The Federal Reserve, which is meeting this week and will decide whether to raise interest rates for the first time in nine years, has a big decision to make.
Thankfully, the Internet has been more than willing to help Fed Chair Janet Yellen and other Fed governors make up their minds. Mohamed El-Erian says the U.S. economy justifies a rate increase, but the world economy and the risk of the Fed being wrong gives a slight advantage to the Fed holding off. Larry Summers says the Fed should delay raising rates because investors expect it to. And Quartz reports that the mechanism the Fed is planning to use to raise interest rates may not be ready for prime time. (The financial crisis and the Fed’s bond buying program may have gummed up the central bank’s plumbing.)
The No. 1 reason the Fed shouldn’t raise interest rates? The economy may already be slowing, and may be a lot weaker than the Fed and others think. The best evidence of that came from last month’s jobs report.
On the surface, the jobs report for August looked pretty good. The unemployment rate dropped to 5.1%, and employers added 173,000 new workers to their payrolls, which was less than expected but in the right direction. The problem: job growth is coming from the wrong places.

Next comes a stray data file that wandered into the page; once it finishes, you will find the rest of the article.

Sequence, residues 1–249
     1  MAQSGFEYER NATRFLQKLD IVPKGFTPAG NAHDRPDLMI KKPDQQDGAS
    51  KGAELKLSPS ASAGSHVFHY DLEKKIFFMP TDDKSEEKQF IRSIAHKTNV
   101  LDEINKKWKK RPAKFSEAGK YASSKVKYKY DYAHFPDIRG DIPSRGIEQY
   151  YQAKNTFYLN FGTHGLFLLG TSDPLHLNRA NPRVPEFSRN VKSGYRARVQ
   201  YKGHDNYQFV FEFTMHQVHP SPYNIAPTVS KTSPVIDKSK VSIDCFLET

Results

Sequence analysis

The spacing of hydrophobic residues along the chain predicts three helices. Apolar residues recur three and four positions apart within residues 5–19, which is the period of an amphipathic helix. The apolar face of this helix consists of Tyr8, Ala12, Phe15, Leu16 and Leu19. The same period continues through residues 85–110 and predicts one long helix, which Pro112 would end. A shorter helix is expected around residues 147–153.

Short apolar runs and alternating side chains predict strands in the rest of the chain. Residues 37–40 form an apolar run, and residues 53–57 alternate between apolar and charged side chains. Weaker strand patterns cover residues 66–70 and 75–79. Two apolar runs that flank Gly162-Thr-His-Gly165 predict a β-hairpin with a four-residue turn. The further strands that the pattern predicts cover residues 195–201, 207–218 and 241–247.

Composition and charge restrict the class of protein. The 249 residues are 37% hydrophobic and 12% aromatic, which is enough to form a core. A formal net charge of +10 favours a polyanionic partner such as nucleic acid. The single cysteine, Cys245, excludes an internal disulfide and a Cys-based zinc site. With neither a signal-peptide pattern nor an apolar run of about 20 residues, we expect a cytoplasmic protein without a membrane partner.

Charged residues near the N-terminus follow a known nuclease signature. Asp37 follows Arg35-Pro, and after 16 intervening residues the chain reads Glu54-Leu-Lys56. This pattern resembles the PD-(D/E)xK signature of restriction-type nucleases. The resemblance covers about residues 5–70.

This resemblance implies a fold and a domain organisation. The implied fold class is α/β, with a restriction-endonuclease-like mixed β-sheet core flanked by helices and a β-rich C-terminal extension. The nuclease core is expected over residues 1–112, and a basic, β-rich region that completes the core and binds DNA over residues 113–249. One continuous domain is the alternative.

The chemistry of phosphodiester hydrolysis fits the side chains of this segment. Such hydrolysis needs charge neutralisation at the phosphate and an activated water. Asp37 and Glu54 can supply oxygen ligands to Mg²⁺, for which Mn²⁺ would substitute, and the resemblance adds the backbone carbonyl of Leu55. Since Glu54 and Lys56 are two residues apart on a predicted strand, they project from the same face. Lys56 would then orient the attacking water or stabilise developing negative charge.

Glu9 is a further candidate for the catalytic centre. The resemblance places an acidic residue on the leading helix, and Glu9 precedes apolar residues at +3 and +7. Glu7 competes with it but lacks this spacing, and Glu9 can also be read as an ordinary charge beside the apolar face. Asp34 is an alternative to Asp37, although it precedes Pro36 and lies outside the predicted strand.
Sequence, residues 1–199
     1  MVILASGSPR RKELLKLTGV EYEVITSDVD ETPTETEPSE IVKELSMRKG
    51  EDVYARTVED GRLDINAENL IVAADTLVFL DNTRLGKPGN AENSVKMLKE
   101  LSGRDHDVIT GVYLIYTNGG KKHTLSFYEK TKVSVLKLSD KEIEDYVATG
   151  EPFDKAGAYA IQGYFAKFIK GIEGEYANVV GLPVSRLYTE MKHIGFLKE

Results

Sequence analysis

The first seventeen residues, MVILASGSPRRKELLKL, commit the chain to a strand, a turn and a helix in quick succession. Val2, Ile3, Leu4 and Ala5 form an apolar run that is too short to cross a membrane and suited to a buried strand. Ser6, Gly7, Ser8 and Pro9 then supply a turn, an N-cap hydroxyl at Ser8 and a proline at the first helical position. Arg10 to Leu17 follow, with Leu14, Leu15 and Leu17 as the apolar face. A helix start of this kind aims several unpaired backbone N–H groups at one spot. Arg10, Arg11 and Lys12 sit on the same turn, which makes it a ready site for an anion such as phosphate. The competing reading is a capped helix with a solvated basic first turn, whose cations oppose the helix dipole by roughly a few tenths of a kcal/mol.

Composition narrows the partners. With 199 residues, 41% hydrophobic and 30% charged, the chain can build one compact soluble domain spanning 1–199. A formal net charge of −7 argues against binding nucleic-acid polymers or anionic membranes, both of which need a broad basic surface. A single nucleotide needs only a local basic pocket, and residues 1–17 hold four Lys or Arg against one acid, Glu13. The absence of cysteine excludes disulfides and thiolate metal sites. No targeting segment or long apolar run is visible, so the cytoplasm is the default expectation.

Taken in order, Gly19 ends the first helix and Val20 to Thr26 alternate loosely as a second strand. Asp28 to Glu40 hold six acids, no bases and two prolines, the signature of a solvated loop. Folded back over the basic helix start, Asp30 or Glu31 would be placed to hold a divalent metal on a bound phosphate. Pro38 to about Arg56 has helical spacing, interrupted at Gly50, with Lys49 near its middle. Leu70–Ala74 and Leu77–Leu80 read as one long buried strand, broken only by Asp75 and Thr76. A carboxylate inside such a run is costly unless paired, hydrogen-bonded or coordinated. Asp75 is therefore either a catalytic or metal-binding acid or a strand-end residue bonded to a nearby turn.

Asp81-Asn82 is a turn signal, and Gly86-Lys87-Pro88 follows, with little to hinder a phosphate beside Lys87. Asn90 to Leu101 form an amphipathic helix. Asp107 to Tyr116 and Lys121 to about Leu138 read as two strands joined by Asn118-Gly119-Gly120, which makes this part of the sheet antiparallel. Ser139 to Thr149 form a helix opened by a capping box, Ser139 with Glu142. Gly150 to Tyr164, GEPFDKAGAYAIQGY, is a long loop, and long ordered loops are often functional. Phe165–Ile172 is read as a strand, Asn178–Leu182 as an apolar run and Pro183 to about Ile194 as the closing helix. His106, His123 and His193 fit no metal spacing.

Thomas Lam, an economist at RHB Securities in Singapore, separated out the 173,000 new August jobs into cyclical and non-cyclical industries. What Lam found was that “employment growth in the cyclically-sensitive private industries, which tends to lead hiring in other sectors over time, seems to be trending lower.” The three-month average job growth from cyclical sectors is around 30,000. Last month, according to Lam’s analysis, it was pretty close to zero.
In August, just 3,000 new jobs came from construction. Trucking companies added just 700 workers to their payrolls. The manufacturing sector lost 17,000 jobs. Healthcare, on the other hand, added more than 40,000 jobs. More jobs in healthcare is not typically associated with a stronger economy. The government added 33,000 jobs.
Of course, some argue that a slowing economy, or the prospect of one, makes an even stronger case for the Fed to raise interest rates now. The Fed will need higher interest rates to speed the economy up again. This logic, though, is perverse. The Fed does raise and lower interest rates over time, but these actions tend to take place over long cycles. The Fed should avoid a quick round trip, and the damage that will cause. Plus, Europe has shown that interest rates can go below zero.
The Fed does have a history of overestimating the strength of the economy. Now would be a really, really bad time to do that.